Homophily and heterophily in personal networks. From mutual acquaintance to relationship intensity

Homophily and heterophily in personal networks. From mutual acquaintance to relationship intensity This article deals with the analysis of homophily and heterophily in ego-centred networks (personal networks). The analysis takes a dual approach. First it uses the classical definition of homophily (in this article called elementary homophily) to compare mutual ties between groups defined by employment status, age and city of residence. These analyses are then enriched by incorporating the level of affective proximity, thus forming what we have called specific homophily. The analysis of elementary homophily confirms the expected predominance of homophilous relationships over heterophilous ones. The analysis of specific homophily shows that inter-group relationships between close and intimate contacts follow similar patterns, whereas these differ substantially for relationships that are not at all close. The comparison of the two types of homophily shows a correspondence between high values in elementary homophily and high values in close and intimate relationships. http://www.deepdyve.com/assets/images/DeepDyve-Logo-lg.png Quality & Quantity Springer Journals

Homophily and heterophily in personal networks. From mutual acquaintance to relationship intensity

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Publisher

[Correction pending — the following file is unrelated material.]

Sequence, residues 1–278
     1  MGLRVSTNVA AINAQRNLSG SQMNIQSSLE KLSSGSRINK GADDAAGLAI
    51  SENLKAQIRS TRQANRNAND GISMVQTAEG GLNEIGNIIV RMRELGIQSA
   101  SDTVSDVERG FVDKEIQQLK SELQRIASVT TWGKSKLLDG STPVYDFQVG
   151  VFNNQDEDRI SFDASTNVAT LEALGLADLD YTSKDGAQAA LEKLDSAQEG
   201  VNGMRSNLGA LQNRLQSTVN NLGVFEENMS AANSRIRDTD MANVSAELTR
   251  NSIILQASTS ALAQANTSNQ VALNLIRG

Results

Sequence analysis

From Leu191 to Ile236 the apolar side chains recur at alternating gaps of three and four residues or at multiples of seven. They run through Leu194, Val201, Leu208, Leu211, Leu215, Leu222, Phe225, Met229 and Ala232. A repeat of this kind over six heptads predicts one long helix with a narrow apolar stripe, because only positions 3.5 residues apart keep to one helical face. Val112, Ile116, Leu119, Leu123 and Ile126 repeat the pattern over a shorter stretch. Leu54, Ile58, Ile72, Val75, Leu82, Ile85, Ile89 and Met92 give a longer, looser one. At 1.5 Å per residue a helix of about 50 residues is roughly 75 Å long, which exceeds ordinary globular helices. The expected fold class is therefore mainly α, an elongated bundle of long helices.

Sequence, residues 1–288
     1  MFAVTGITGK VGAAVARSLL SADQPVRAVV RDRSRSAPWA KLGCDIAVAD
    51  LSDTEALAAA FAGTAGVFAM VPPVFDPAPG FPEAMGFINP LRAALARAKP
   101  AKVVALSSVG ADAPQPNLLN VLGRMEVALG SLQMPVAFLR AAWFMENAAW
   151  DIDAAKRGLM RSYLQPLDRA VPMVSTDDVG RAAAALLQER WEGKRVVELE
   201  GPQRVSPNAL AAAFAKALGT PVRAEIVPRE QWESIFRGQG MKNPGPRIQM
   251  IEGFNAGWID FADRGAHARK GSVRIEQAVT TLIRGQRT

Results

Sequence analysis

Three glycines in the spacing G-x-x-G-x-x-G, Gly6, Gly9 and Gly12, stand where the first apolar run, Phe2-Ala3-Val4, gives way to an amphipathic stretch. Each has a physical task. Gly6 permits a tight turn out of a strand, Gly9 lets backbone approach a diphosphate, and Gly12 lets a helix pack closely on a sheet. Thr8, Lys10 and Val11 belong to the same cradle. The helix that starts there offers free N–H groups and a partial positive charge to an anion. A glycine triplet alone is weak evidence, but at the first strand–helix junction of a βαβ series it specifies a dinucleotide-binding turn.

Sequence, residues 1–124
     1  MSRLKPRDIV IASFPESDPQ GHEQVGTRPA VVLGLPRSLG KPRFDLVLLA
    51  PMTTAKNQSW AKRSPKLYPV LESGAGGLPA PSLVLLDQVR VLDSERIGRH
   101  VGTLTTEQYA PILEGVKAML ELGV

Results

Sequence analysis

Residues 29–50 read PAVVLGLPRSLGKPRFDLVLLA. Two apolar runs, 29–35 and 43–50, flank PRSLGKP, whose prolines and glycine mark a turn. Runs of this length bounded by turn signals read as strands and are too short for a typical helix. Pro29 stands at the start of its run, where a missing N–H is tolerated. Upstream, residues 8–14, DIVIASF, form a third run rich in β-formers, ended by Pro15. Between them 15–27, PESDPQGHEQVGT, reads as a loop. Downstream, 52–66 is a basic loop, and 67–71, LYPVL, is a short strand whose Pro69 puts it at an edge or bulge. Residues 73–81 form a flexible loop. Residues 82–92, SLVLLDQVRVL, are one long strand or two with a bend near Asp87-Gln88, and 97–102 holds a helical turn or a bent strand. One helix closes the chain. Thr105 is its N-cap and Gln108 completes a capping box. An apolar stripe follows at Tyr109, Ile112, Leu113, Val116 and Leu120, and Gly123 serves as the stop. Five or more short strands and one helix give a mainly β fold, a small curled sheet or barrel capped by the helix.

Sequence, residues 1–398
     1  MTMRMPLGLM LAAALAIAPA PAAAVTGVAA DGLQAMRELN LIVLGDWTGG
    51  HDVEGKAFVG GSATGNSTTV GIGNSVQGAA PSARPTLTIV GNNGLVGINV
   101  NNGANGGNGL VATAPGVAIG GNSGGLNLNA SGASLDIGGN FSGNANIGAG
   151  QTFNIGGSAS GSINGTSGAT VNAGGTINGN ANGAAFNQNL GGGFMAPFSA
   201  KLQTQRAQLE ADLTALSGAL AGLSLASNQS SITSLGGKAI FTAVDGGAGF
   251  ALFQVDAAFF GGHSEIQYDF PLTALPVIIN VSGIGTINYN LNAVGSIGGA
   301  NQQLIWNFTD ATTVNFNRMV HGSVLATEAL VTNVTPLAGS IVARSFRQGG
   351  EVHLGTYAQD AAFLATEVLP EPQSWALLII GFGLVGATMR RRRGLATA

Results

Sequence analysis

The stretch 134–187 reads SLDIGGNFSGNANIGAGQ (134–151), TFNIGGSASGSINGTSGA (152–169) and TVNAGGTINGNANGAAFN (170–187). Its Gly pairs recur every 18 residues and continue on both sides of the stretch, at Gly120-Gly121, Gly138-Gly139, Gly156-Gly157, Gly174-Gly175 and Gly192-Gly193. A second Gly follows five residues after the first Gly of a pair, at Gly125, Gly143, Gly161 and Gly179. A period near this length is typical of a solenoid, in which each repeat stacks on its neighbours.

Springer Netherlands
Copyright
Copyright © 2013 by Springer Science+Business Media Dordrecht
Subject
Social Sciences, general; Methodology of the Social Sciences; Social Sciences, general
ISSN
0033-5177
eISSN
1573-7845
D.O.I.
10.1007/s11135-013-9915-4
Publisher site
See Article on Publisher Site

Abstract

This article deals with the analysis of homophily and heterophily in ego-centred networks (personal networks). The analysis takes a dual approach. First it uses the classical definition of homophily (in this article called elementary homophily) to compare mutual ties between groups defined by employment status, age and city of residence. These analyses are then enriched by incorporating the level of affective proximity, thus forming what we have called specific homophily. The analysis of elementary homophily confirms the expected predominance of homophilous relationships over heterophilous ones. The analysis of specific homophily shows that inter-group relationships between close and intimate contacts follow similar patterns, whereas these differ substantially for relationships that are not at all close. The comparison of the two types of homophily shows a correspondence between high values in elementary homophily and high values in close and intimate relationships.

Journal

Quality & QuantitySpringer Journals

Published: Aug 7, 2013

References

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